Macbeth was a true Shakespearean tragic hero. He had many noble qualities as well as several tragic flaws. He was a courageous, brave and good nobleman who was haunted by superstition, moral cowardice and an overwhelming ambition. He is a brave warrior, hailed as a hero and treats his wife like an equal. He is a nobleman who is aware of the natural order and his role within that natural order. Lady Macbeths influence and manipulation of Macbeth’s judgment, and Macbeth’s long time ambition to be king are the main factors which developed the character of Macbeth into becoming a tragic hero. Although he was so far courageous and brave and he is seen as the hero at the beginning of the play, his sky high ambition causes his damnation.
Macbeth was a courageous and strong nobleman. He and Banquo were leaders of King Duncan's army. His personal power and strength as a general led to his success on the battlefield. The captain describes Macbeth as brave in battle: "But all's too weak:/For brave Macbeth -- well he deserved that name” It becomes apparent that there is an air of sympathy towards the character of Macbeth from this early stage in the play as we see a noble fighter defending his king. It is apparent that Macbeth is a hero who fights to defend his country and king on the battlefield. Lady Macbeth convinced her husband to murder Duncan by putting his manhood and courage at stake, "When you durst do it, then you were a man;/And to be more than what you were, you would be so much more the man" . As Macbeth started degrading he lost some bravery "That I may tell pale-hearted fear it lies". In his fight with Macduff, some of his old courage and strength returned.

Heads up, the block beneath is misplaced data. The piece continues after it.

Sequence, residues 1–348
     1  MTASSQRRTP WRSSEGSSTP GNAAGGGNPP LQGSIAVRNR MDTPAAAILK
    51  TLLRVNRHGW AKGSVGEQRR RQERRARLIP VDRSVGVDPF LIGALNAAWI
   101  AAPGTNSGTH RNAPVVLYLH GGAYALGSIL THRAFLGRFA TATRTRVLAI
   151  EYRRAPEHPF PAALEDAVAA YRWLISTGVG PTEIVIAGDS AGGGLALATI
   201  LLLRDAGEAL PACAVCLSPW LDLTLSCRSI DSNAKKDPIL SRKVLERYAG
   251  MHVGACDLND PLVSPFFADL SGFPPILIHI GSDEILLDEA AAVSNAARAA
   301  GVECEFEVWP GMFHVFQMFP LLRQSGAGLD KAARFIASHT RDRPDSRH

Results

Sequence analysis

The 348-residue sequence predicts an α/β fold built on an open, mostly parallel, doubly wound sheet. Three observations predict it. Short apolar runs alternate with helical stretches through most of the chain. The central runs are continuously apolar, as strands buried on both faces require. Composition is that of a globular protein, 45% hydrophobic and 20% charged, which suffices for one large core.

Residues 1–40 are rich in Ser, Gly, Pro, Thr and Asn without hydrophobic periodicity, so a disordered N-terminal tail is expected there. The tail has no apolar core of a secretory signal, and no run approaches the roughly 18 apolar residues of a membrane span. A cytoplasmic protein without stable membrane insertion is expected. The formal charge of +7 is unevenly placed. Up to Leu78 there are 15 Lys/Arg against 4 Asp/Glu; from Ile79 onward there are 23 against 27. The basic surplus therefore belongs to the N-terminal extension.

Macbeth could be brave when it came to action but in normal life off the battlefield he would have to be urged into action by his wife or by the sense of security that he obtained from the prophecies of the supernatural. He changed his mind five times before murdering Duncan.